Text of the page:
Short of Apple supporting more sophisticated audio on the iPad itself, the iPad podcasting dream is a single USB interface that will act as a proper audio interface for the iPad—routing iPad sound out and microphone input in—while also acting as a recorder. It seems like the MixPre-3 fails this at the very last moment. John’s solution, of routing via analog means instead, is very clever—but it means that the audio he’s sending back over Skype is probably coming out of his iPad’s onboard microphones, not his good microphone. That’s good enough, unless his recording fails.

These days… well, these days I don’t travel at all. But before the pandemic, my travel iPad toolkit ended up being the Audio Technica ATR-2100 microphone, which I connect to the iPad via USB and to an external recorder via XLR, since the Audio Technica microphone offers both ports. I end up with a pristine recording of my voice, but no backup recording of the Skype call in case of a recording failure on the other end.

The real question is, which process will complete first — us finding a bulletproof solution to recreating Audio Hijack in external hardware, or Apple realizing that it needs to seriously upgrade its audio game on iPadOS. (Sadly, my bet is not on Apple.)

By Jason Snell

User interface is a casualty of the Streaming Wars

Rolling Stone TV Critic Alan Sepinwall rightfully calls out the terrible interfaces of most streaming services:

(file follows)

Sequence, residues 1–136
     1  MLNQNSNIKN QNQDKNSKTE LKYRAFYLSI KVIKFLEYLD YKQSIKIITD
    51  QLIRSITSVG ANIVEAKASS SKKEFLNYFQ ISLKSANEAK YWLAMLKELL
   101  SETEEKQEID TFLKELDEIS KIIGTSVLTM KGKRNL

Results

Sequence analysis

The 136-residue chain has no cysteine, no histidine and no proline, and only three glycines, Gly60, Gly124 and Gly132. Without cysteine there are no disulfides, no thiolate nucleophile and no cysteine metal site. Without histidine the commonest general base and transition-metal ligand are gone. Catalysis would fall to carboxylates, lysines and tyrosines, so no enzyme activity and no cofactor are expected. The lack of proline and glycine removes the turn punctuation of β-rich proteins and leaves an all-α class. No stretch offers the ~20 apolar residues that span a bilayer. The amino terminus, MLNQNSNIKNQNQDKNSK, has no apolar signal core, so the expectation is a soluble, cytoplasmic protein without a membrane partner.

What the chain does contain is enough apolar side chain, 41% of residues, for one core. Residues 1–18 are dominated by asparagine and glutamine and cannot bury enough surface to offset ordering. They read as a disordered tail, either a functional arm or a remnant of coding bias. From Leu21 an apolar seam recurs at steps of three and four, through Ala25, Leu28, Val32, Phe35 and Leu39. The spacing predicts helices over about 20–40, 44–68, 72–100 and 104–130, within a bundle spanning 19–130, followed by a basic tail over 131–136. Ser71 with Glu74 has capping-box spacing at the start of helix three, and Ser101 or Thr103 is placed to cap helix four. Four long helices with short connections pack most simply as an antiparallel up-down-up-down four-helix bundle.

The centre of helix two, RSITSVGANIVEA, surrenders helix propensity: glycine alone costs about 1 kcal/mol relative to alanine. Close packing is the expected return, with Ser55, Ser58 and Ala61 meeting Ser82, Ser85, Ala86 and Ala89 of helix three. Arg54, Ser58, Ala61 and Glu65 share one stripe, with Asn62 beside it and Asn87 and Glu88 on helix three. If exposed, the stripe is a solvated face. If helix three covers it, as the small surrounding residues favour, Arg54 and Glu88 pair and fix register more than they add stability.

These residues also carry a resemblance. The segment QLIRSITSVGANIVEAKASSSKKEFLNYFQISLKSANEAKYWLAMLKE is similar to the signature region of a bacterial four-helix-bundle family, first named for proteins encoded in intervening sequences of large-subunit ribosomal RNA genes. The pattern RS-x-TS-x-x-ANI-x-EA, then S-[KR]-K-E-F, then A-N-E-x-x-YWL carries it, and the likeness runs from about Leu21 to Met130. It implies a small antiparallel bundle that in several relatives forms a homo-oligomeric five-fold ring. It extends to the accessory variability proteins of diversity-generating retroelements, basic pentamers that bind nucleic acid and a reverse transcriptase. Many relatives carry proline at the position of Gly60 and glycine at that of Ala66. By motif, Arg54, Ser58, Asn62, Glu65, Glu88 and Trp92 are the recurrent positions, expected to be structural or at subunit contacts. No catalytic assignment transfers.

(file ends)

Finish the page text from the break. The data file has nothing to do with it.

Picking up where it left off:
The part of the streaming shell game that I’ve never been able to fully understand — and that has somehow gotten worse with each passing year and each new service debut — is just how bad the user experience is on all of them. It’s been 13 years since Netflix began offering streaming content, with Hulu and others soon to follow, yet the user interfaces consistently seem designed to make finding what you want to see — whether continuing a binge or discovering something new — a Herculean effort. Spend enough time toggling between the services, and you’ll want to quote Hall of Fame baseball manager Casey Stengel trying to make sense of the historically inept 1962 Mets: Can’t anybody here play this game?

Sepinwall has plenty of examples, including Netflix’s obsession with forcing you to scroll through stuff you don’t care about in order to find the stuff you want to watch. I described the myriad ways Peacock’s app doesn’t make sense this week on Upgrade.

And Sepinwall doesn’t even get into the playback interfaces themselves, which on the Apple TV are maddeningly inconsistent and fail to honor the (very nice) interface conventions of the platform.

This week, on the 30 minute tech show that usually has a clever introduction line, Dan and Mikah are joined by special guests Sawyer Blatz and Allison Sheridan to discuss watching video podcasts, our favorite health-related apps, unnecessarily complicated tech processes, and cheap tech gear that ended up being fun to use.